Retailers want P-O-P displays that are customized to each store location. Brand marketers want packages with unique special effects, personalized messages, functional elements that interact with the consumers – sometimes all of the above. Home buyers want front doors with specific textures and colors that match their tastes or the architectural properties of the house. Apparel manufacturers want to buy smaller lots of fabric with a greater variety of decorations. They want them delivered on demand so they can stock their shelves with product they know the shopper wants and avoid the endless discounting cycle of unpopular merchandise that deflates their margins.
And these are just a few examples. In virtually every sector of printing, buyers have clearer and more tightly defined objectives that call for greater specialization from their suppliers. And that means buyers, whether they realize it or not, aren’t looking at print as a commodity any longer.
It will enable you to leverage these market forces to grow your business. Slowly but steadily, markets that were long ago lost to foreign countries where labor is cheap are beginning to return to America. Licensed products requiring sophisticated special effects can’t always be done offshore. Products sold at retail that need to be replenished quickly based on consumer demand cannot be produced months in advance, half a world away.
Customized products manufactured in quantities as small as one don’t fit the mass manufacturing model that caused this business to slide to foreign markets in the first place. Printing companies that streamline their operations will further subtract labor cost as a buying consideration, and those that can develop the nimbleness to identify and quickly act on new opportunities are going to succeed.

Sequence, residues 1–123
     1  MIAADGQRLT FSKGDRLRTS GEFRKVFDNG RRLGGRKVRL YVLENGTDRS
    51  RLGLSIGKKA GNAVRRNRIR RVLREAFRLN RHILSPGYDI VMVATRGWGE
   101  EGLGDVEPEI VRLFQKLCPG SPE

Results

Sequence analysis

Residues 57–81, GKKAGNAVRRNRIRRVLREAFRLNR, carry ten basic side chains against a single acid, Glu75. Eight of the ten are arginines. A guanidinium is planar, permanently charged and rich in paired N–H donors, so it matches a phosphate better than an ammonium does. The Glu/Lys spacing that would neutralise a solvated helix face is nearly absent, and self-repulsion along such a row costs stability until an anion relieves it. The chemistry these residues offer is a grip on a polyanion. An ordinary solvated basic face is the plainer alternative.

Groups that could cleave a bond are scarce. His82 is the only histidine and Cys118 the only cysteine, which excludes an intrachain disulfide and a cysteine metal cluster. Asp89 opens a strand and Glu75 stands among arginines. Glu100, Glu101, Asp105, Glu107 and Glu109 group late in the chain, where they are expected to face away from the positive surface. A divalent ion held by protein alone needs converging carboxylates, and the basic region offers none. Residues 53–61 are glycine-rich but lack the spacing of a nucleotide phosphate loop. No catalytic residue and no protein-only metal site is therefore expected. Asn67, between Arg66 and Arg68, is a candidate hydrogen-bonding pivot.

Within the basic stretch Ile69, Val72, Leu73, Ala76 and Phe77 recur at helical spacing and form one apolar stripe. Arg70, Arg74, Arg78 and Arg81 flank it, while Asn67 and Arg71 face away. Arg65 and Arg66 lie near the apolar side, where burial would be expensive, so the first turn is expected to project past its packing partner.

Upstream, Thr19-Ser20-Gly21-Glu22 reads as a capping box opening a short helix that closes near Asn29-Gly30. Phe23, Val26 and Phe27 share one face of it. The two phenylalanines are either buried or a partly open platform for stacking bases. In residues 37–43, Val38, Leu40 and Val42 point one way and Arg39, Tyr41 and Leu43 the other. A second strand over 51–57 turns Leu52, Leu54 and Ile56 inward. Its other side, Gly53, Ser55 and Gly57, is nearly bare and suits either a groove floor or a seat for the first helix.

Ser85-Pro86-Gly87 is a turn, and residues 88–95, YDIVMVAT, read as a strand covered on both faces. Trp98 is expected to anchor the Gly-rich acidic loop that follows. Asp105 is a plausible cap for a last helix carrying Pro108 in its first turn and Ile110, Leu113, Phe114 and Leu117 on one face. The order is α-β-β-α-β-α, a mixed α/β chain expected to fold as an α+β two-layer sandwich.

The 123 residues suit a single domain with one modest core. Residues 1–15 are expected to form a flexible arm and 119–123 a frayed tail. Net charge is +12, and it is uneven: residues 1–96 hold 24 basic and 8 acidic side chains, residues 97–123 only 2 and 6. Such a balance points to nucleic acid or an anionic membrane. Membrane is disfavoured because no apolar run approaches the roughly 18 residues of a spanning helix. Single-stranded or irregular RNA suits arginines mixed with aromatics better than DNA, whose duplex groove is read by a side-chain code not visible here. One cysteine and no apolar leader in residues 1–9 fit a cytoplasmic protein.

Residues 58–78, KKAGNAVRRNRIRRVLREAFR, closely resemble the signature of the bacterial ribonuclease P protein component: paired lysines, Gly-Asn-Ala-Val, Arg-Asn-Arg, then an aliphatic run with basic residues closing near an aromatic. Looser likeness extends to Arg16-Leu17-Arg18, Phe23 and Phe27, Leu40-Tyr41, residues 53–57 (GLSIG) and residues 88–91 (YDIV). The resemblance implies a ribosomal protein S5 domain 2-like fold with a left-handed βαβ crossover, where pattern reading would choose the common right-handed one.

It’s going to escalate. The market trends that are prompting these new manufacturing strategies seem irreversible, and technology developers are responding. Concepts that have been discussed for at least 20 years – fully connected workforces, remote ordering and approval, distribute-and-print scenarios in which jobs would be produced in an infinite number of locations instead of at one central plant – are finally happening because data speed and integration are no longer impediments. We’re even beginning to see robotic technology designed for mainstream printing applications.
At its drupa 2016 press conference, Fujifilm showed a video that demonstrated just how far this concept may lead us. Takuo Ito, director and corporate VP of Fujifilm Global Graphics Systems, discussed the company’s 5D print strategy, designed to leverage Fujifilm’s latest offset-quality digital print lines with what Ito described as game-changing automation supplied by its partner, EPAC. The video showed an entirely mechanized book printing plant that employed industrial robots run by EPAC’s algorithms to perform printing, cutting, binding, trimming, and sorting. The technology can produce a finished book in six seconds, all with zero human intervention. And this isn’t a futuristic concept. Facilities have already been installed in the US, Europe, and Latin America.
It’s the most important trend in the printing industry today. If you haven’t considered how automation will affect the future of your business, it’s time you did.
Explore the rest of The Automation Issue:
Killing Your Top 5 Time Wasters, Mike Ruff
Going Digital: Automating Sales and Marketing, Mark Coudray
The Benefits of Screenroom Automation, Johnny Shell
5 Steps to Take Control of Your Printroom, Marshall Atkinson
MIS: Whipping Your Data into Shape, Eileen Fritsch
An Automation Wish List for Your Printroom, Marshall Atkinson